It’s kit leak season! As we head towards the mid-point of the 2016-17 Premier League schedule, now’s the time when hints, suggestions, and outright leaks of new kit designs start to appear from the hinterlands of the internet.
Today, this has been making the rounds on Twitter, showing what looks like new kit designs from Nike for Tottenham Hotspur’s 2017-18 season, and they’re pretty nifty. Check ‘em out.
First, the obvious question: Nike? Well, yes, probably. Spurs have been rumored to be in negotiations with the world’s leading sportswear manufacturer to make their kits for the past year now, with their current UnderArmor deal expiring at the end of this season. Nothing has been officially announced yet to my knowledge, but the Daily Mail had a throwaway line in an otherwise unrelated article about Steve Holland and England where they mention that Spurs have wrapped up a £25m/year kit deal.
Interestingly, both clubs have agreed new kit-supply deals with Nike starting next season. Chelsea’s is worth £60million a year and Tottenham’s £25m, which will be the subject of much angst at the north London club.
Less than half of what Chelsea is making? Sigh. I wouldn’t take it as gospel yet, though.
So, the kits. I quite like these, actually. Yes, they look like a boring Nike template that every other Nike sponsored club team in the world will be wearing next year, but as boring Nike templates go it’s a NICE boring Nike template. The home shirts are attractive, the navy away shirts are straight fire, and the cyan and yellow kits are, I assume, keeper jerseys and are similar to what we’ve seen from the club in recent seasons.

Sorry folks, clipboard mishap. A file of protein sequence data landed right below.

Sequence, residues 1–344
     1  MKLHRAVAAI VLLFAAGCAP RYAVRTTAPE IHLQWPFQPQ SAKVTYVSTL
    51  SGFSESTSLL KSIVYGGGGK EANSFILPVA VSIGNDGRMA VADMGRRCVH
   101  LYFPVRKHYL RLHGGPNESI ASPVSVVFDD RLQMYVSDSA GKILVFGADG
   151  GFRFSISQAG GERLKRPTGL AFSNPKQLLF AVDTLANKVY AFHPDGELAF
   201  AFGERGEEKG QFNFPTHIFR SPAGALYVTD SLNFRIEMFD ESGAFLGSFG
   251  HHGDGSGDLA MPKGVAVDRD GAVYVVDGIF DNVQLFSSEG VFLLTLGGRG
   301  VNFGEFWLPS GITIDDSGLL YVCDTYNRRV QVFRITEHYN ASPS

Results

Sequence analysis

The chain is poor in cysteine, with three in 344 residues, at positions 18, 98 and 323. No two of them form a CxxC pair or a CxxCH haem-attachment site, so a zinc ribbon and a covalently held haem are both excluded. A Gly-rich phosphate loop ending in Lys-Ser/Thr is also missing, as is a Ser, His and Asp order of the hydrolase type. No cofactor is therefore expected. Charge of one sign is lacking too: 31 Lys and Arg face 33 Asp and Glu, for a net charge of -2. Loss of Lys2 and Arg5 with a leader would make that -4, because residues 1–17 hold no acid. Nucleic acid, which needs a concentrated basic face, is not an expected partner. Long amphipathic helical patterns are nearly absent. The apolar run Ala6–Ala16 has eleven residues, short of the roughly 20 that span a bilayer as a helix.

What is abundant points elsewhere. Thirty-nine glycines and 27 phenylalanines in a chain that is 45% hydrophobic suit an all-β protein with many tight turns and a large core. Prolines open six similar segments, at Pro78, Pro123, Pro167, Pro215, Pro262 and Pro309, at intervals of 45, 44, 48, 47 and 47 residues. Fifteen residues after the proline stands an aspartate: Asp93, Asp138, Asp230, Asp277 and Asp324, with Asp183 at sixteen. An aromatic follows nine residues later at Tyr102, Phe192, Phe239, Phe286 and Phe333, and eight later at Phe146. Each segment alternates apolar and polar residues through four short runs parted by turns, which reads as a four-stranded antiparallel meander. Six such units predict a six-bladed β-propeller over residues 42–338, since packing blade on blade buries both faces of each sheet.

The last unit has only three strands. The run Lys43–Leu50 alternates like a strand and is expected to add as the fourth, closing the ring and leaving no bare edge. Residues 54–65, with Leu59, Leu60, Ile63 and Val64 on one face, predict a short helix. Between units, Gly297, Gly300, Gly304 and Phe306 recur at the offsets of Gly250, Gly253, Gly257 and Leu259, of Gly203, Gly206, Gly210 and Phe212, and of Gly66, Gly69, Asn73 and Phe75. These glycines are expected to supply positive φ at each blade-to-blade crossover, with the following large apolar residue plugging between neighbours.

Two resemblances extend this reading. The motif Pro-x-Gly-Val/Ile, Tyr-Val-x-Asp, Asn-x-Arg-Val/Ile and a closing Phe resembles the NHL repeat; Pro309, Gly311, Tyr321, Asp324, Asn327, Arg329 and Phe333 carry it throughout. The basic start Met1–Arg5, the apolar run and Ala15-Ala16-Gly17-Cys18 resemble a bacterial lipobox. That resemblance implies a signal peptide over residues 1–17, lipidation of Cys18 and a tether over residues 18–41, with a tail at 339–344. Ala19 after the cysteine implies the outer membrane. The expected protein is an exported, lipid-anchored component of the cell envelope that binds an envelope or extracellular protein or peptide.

They’re nice. I’d buy one. They’re also probably fake.
For starters, the AIA logo isn’t red on the home kits. One thing we can probably take to the bank is that no matter what the home kit looks like, it’ll have a red AIA logo.
Secondly, the shaded cockerel thing is... well, it’s just weird. Spurs kits in years past have had very (very) subtle patterns on the fabric itself, but we’ve never had any kind of a shaded design on the shirts themselves that doesn’t spell out the name of the shirt manufacturer or the club.
Finally, this design hasn’t appeared yet on Footy Headlines, which is the place to go for football kit and boot designs that aren’t public yet. Last year, I publicly dismissed Footy Headlines when they said Spurs’ kits would have gold accents. They were 100% correct and I wasn’t. I’ll never doubt again.
I’m in the camp that thinks that, if we have indeed signed with Nike, we should brace ourselves for a few years of boring-ass kit designs that are in no way, shape, or form original or even particularly interesting. However, if Nike does end up sending us something similar to these designs, I think I’d be pretty satisfied.